- Andrew Zwelling, Math Teacher

“I enjoyed both books. I liked the format, Word & PDF, that way i can teach on my iPad. I’ll be back for more next year.”

- Claudio Faenza, Teacher, Gainesville, FL

“As a programmer, a long time college programming instructor, and as the head of the department, I have reviewed countless programming books for almost all of the most popular programming languages. “Learn Visual Basic” by Conrod and Tylee is my favorite. The order in which the topics are presented is very easy for students to follow. The transitions from one topic to the next are so smooth it doesn’t feel like steps but just a continuously smooth flow from start to finish.  Object-oriented programming (OOP) is often difficult to explain to new programmers and most books give it no consideration until the second half of the book. The authors have made OOP clear, logical, and astonishingly easy to understand and they have successfully presented it in the third chapter…it is absolute genius. Consequently, every topic after that is much clearer and relevant to students.  All of the examples in the book are interesting and easy to follow. I have worked through all of them line by line and found them easy to follow and duplicate. Students quickly become frustrated with examples that contain errors so the fact that these work so well is critically important to me.  Topics included in “Learn Visual Basic” are date, time, and financial calculations which are lacking in most first year programming books. I really appreciate the chapters that include business graphics for pie and bar charts and general graphics applied to multimedia. The authors also use code to access databases instead of the Visual Studio wizards which seems to give the students a much better understanding of how databases work and how to program their interactions.”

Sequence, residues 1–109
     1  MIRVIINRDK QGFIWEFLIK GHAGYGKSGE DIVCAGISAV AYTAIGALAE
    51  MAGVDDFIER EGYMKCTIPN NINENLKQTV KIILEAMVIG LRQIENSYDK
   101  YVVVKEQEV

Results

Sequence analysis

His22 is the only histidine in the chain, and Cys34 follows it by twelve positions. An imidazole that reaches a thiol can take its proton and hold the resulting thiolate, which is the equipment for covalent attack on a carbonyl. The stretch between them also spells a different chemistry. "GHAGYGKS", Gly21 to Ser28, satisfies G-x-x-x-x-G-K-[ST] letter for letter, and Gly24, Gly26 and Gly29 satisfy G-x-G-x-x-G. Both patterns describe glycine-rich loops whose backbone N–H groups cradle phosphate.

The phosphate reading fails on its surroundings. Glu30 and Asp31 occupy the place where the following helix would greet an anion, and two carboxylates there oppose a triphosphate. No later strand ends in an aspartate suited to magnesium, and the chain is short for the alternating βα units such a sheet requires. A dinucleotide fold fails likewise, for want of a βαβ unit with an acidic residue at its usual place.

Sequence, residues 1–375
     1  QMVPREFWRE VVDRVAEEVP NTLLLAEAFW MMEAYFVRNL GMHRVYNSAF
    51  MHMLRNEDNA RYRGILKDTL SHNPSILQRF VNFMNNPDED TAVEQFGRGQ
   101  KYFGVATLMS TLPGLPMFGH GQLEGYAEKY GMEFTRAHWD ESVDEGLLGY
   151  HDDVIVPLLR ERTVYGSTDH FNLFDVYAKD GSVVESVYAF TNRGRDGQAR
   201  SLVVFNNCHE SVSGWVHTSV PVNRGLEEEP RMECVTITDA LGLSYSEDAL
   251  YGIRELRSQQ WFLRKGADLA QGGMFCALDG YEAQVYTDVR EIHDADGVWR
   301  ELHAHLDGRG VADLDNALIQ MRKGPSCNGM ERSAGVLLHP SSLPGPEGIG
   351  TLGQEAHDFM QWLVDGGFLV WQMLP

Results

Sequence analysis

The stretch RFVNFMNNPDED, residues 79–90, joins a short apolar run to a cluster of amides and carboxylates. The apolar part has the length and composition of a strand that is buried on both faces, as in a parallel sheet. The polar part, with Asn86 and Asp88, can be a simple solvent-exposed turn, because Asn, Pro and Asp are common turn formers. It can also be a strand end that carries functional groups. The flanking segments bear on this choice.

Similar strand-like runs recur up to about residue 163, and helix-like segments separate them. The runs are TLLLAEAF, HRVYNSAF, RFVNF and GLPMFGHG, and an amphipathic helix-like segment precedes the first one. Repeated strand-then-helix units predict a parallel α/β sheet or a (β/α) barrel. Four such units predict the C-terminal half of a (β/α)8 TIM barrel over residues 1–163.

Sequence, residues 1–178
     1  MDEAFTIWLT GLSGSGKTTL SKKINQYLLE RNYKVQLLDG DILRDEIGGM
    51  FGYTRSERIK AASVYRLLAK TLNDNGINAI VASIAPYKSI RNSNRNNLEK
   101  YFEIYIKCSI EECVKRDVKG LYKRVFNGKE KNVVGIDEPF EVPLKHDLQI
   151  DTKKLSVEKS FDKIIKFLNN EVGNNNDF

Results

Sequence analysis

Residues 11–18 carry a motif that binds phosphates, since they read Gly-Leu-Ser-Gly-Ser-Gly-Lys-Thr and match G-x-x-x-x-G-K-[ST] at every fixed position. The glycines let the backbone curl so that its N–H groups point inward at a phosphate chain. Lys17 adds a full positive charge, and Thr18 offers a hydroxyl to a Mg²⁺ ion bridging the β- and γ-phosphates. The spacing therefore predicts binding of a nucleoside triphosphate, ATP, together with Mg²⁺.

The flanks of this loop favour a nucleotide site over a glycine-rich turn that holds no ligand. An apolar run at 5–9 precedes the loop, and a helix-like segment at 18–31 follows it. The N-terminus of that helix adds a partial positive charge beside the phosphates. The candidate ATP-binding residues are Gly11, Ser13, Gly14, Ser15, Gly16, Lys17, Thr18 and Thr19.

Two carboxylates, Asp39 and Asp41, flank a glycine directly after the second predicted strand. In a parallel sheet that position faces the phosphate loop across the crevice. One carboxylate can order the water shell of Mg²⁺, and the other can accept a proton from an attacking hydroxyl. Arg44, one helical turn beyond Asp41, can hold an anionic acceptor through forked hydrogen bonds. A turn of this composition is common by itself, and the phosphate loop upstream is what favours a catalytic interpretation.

- David Taylor, VB Professor & Retired Instructor, Seminole State College in Sanford, Florida